- Go outside of your department and investigate the number of singles volunteering across departments. Because they have more availability and can be more dependable, singles might be getting overextended. They’re at a particularly high risk for burnout if they feel like the church doesn’t really care about them.
Social psychologist and author Christena Cleveland writes, “The marginalization of single people in the church is not just a sociological problem; it is also a theological problem. … Not only does this corrode the identities of single people who are rightful and invaluable members of the family of God, it tarnishes our perception of God.” What you communicate to the singles in your community in both obvious and subtle ways has a massive impact. In fact, sometimes the subtle messages are the most damaging.
- How does your church portray the idea of family? In your marketing, sermons, and classes, is family spoken of exclusively as the people you live with and gave birth to? Consider how Jesus talked about family in Matthew 12:47–50: “Who is my mother, and who are my brothers? … whoever does the will of my Father in heaven is my brother and sister and mother.” How often does your church speak about family in this way?
- Consider your sermon series in the past year. How many were obviously focused on marriage and family? Do you ever have a sermon or sermon series directed toward singles?
- Is the existence of singles in your congregation ignored or acknowledged? Are their challenges taken seriously or dismissed? I can’t tell you how many times I’ve heard, “You married people know what I’m talking about!” or something similar in a sermon. I’ve found that anecdotes, stories, jokes, and examples from the pulpit almost exclusively reference marriage and family, while positive references to being single are nearly nonexistent.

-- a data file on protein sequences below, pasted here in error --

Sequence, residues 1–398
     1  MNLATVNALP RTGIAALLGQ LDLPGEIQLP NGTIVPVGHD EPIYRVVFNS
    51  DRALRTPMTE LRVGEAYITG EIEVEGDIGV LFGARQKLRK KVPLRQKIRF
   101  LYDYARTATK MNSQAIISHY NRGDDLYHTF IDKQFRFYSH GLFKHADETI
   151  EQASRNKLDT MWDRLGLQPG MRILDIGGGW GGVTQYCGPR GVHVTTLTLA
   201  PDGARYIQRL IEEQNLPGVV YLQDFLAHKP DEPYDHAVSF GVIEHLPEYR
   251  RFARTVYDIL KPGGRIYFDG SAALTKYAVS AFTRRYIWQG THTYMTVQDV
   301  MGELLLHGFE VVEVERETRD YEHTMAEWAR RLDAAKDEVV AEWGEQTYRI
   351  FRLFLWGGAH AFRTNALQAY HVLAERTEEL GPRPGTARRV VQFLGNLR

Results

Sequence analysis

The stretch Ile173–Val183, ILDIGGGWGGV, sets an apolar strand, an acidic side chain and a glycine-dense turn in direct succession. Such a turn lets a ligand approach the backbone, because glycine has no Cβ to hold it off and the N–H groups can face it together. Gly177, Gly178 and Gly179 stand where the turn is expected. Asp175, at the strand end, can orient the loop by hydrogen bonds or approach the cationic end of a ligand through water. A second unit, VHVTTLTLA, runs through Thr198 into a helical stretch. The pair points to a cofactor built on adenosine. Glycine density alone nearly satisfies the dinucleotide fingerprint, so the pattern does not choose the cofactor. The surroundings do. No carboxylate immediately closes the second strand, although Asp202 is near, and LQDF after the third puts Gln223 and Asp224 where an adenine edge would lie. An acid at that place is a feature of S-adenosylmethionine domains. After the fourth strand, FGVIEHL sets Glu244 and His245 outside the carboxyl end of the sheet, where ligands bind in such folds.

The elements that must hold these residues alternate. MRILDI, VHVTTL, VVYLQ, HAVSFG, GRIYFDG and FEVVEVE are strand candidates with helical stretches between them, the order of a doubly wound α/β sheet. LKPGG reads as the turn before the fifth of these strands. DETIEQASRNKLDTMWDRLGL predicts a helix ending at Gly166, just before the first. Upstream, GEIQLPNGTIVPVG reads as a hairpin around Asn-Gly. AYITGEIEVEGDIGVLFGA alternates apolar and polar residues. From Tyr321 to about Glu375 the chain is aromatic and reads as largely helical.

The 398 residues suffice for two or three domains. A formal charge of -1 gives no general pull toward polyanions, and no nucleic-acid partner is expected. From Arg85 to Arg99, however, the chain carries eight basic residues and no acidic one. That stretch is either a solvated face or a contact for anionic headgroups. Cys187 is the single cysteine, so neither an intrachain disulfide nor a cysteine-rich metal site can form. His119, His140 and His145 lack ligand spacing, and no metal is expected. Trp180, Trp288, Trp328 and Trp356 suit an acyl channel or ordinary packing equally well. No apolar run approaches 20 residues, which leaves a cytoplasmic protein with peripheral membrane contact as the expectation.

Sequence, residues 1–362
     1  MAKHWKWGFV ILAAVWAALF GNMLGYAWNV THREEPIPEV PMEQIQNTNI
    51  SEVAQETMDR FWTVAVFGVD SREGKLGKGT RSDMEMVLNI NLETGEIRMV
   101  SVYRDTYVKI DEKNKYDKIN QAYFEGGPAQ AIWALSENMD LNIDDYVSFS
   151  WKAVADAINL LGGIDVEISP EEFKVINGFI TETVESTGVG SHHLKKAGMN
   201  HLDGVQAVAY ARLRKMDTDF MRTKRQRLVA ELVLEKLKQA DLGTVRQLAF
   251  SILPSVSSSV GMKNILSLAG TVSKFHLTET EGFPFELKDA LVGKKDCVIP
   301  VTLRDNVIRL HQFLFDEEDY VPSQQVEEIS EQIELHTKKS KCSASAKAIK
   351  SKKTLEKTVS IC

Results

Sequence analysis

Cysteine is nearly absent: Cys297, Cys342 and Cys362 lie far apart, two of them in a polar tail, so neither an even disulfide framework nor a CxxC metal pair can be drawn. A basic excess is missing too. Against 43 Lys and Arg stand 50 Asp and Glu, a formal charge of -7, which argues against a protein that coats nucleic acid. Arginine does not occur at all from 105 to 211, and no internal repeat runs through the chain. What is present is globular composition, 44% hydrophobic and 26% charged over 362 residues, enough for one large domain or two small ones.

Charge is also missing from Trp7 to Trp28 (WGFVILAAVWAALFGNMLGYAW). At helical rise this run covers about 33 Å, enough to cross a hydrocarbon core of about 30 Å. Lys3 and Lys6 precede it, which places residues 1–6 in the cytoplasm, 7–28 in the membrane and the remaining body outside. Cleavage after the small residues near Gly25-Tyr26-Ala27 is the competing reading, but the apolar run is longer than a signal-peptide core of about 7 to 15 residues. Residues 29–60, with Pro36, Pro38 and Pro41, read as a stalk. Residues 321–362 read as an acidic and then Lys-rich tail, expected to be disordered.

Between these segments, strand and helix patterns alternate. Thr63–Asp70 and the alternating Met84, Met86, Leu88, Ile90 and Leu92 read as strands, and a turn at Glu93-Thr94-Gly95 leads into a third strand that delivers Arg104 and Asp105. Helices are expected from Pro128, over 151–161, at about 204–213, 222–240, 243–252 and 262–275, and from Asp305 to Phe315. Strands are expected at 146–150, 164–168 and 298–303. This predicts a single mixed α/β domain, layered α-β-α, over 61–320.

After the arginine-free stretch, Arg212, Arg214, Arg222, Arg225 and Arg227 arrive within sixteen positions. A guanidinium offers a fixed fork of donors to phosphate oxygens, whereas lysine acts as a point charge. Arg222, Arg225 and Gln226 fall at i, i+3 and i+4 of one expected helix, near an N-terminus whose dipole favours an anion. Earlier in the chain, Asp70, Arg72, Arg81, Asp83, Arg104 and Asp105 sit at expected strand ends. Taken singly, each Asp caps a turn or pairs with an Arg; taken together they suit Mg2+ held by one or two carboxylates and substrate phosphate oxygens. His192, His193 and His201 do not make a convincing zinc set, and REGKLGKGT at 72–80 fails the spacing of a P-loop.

In her book Living into Community, Christine Pohl writes, “The character of our shared life—as congregations, communities, and families—has the power to draw people to the kingdom or to push them away. How we live together is the most persuasive sermon we’ll ever get to preach.” In light of this truth, our collective mission becomes having the eyes to see those who feel pushed away from the kingdom and not only acknowledge them but honor them. Jesus recast the vision of family in the Gospels—will we follow his lead? Or will we keep unintentionally marginalizing singles and abandoning them to navigate life on their own? In a culture where people feel more lonely and alone than ever, it is crucial that the church, in its efforts to protect the nuclear family, doesn’t further isolate those who don’t have one.